2. Dedicated ONE Place for Tax Receipts – As you walk in the backdoor of my home I’ve created a command center.  It is the designated spot for mail, and each family member has a cubby.  There are also a couple of shelves for general use.  On one of those shelves I have a 3 drawer bin.  One of those drawers is labeled taxes.  During the course of the year any and everything I need for taxes goes in that drawer.  Goodwill receipts, on-line donation receipts, medical bill receipts, prescription receipts, and anything else relevant.  On January 1st I empty it out and put it in an envelope for totaling on tax day.
  3. Pull Records on January 1 (or 2) – Each year I start my records fresh on January 1st.  That way last year and this year are never commingled.  I put all of the prior year’s records into a Bankers Box that gets stored under my desk.  After Tax Day the box goes into storage in my basement.  I most comfortable keeping 7 years of boxes (ask your tax adviser what’s best for you).  Steve left last night at 7 pm.  My box went to the basement as he walked out the door.  I pulled the box that was 8 years old and it will go off to my towns next free shredding day.
  4. Dedicate One Spot for Year End Tax Statements – Regardless of what it is, if we need it to do our taxes it goes in one spot.  That way we have everything we need when we need it.
  5. Tell your Teenagers What a W-2 is – This is the 2nd year in a row that we couldn’t finish our taxes 100%.  We were missing one thing.  Last year it was our older son’s W-2.  This year, our younger son’s W-2.  If we don’t tell them what it is, and that they need to give it to us we don’t have it.  Bummer.

(In New Jersey where I live the % deductible for medical is substantially less than the Federal %.  Ask your tax preparer about your states limit.  It is definitely worth it for me to track this.  It may or may not be or you.)

Developing a habit is an important part of creating change, but an equally important aspect is creating a process.  And not just any process, a SIMPLE process.  For if I’ve learned anything working with my clients, I’ve learned “if it’s not simple, it’s too hard.”  Creating a simple process is perhaps the most crucial aspect of driving change.

What does creating a process look like?  If I asked you to write down the steps to do something you do every day you could.  Let’s take getting dressed each morning.  My system looks like this:  1. Take shower 2. Brush teeth 3. Put in contacts….. etc.  I do the same thing each morning.  I don’t need to think about it, I’ve done it so many times that it has become rote.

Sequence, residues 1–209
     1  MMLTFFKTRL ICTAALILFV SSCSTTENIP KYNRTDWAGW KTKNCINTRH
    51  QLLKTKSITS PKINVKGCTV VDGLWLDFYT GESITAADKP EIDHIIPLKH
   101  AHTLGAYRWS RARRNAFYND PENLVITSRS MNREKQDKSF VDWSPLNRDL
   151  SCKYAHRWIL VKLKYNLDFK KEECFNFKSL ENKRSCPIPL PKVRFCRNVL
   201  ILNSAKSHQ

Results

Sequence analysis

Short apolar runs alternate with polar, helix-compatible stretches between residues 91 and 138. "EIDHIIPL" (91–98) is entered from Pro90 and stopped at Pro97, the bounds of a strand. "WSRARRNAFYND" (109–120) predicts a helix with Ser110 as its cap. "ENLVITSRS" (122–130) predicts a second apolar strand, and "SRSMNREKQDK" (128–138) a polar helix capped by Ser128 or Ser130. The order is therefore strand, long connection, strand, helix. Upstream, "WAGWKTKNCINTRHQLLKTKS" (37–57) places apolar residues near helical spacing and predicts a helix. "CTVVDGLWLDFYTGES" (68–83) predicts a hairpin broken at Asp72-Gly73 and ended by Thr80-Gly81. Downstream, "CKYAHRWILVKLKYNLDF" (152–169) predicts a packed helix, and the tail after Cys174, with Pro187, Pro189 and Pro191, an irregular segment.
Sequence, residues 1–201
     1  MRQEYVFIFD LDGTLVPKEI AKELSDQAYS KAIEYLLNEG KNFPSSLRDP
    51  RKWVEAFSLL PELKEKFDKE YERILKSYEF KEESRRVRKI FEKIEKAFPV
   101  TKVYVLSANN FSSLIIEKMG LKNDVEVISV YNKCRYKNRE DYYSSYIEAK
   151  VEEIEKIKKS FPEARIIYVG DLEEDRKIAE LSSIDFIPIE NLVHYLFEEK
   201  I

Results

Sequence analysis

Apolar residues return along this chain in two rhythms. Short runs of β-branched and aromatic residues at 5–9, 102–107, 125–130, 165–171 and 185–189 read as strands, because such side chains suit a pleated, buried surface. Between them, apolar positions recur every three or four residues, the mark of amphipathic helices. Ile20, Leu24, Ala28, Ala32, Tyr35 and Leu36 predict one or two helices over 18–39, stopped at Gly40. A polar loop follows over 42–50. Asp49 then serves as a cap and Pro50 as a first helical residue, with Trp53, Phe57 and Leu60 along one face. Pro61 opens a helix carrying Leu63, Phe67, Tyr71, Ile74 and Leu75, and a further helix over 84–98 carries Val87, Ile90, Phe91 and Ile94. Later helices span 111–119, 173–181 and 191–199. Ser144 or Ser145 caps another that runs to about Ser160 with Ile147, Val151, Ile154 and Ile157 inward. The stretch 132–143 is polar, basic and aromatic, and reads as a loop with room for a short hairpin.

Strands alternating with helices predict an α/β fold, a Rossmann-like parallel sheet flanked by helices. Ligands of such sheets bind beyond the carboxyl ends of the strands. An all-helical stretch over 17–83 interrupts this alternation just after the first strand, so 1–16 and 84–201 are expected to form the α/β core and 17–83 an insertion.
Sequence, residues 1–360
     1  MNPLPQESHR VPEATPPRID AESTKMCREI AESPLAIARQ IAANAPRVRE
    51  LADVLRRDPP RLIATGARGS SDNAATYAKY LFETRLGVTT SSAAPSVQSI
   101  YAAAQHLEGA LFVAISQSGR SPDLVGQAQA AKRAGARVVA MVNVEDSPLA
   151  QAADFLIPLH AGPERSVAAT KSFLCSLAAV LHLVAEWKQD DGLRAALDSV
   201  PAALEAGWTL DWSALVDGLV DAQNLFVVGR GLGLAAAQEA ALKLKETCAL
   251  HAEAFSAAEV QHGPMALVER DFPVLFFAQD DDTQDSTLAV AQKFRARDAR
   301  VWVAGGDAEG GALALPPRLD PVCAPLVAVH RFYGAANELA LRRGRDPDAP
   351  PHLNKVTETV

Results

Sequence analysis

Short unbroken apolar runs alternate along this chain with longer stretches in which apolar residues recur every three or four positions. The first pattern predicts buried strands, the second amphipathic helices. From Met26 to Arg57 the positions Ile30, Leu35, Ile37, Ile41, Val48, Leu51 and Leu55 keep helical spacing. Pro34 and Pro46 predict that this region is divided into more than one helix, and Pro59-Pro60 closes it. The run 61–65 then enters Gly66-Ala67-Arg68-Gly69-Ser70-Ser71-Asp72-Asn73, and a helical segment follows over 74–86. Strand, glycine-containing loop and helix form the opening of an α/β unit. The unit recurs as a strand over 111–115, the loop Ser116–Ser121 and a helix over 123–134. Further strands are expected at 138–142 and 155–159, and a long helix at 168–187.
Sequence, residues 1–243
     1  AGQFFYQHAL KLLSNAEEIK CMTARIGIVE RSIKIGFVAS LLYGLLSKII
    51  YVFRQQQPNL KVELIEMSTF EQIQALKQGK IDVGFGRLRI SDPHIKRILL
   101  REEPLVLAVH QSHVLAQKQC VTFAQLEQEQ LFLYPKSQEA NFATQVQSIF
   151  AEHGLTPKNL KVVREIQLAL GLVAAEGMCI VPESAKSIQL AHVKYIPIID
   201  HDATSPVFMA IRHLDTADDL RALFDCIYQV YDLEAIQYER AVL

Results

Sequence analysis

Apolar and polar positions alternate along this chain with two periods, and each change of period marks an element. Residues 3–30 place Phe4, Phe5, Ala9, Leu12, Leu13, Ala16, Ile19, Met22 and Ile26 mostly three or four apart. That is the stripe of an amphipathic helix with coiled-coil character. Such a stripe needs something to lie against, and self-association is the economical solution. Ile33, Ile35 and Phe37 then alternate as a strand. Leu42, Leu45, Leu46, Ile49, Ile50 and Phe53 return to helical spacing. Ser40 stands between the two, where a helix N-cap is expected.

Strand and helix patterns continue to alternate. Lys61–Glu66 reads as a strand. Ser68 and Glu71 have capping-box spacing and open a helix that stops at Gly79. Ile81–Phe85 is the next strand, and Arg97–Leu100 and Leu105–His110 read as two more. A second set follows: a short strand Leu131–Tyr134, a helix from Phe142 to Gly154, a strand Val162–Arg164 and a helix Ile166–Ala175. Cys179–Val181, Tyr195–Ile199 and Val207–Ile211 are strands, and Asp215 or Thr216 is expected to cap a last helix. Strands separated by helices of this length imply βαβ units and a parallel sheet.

Everything that is done routinely needs a clearly thought out process.  Let’s apply this concept to staying on top of the papers in your office.  We start by breaking this into WHAT, HOW and WHEN.

“WHAT” is the goal: “round up the piles, papers and notes into a clearly prioritized task list in order to be able to focus on my most important work.”

“HOW” is the process:

  1. Gather all papers and notes that are laying around into one big pile
  2. Pick up the top item in the pile – ask: what needs to be done?
    1. If I need to put it away – put it away
    2. If I don’t need it – put it in the trash, recycle or shred zone
    3. If I need to give it to someone else – put it in a pile with their name on it
    4. If I need to take action on it – prioritize the action (critical, hot, sooner, later) on my task list and decide if I still need the paper (put it in the take action zone or throw away if I can)
  3. Pick up the next item and process
  4. Continue until I’ve cleared the pile
  5. Distribute sorted papers to their proper places
  6. Review my task list to ensure proper prioritization

“WHEN” is the frequency: “I will schedule 2 hours each week.”  Put it on your calendar.  If something comes up and you have to move it, that’s fine as long as you spend the 2 hours each week.  (Realistically, when you get started this can take 2 hours.  As time goes on it may take less than 1).

While this process may seem daunting, the more you work it, the easier it becomes.  By having the process written down it helps you to keep on track, and on task, until it becomes rote.

Get a handle on your JOMTI.  On your what?

JOMTI – Just One More Thing-Itis!

You know that urge to squeeze one more thing in…and then it makes you late.  It makes you late for the holiday party, the concert, or puts you at the mall with only an hour left to shop.  It makes the traffic heavier, it makes the prices higher and it makes the blood pressure rise.

Now, what if instead of making that phone call, answering that email, or checking your phone one last time you left 5 minutes earlier.  I know, it’s hard to do.  But consider the benefit.  Ask yourself – it is worth it?  Even if it was an important task, ask yourself:

  • Can it wait?
  • What if I did it later?
  • What if I didn’t get to it at all?

The trade off for doing one less thing? MORE JOY THIS HOLIDAY SEASON.

Wishing you a wonderfully joyful pre-holiday week.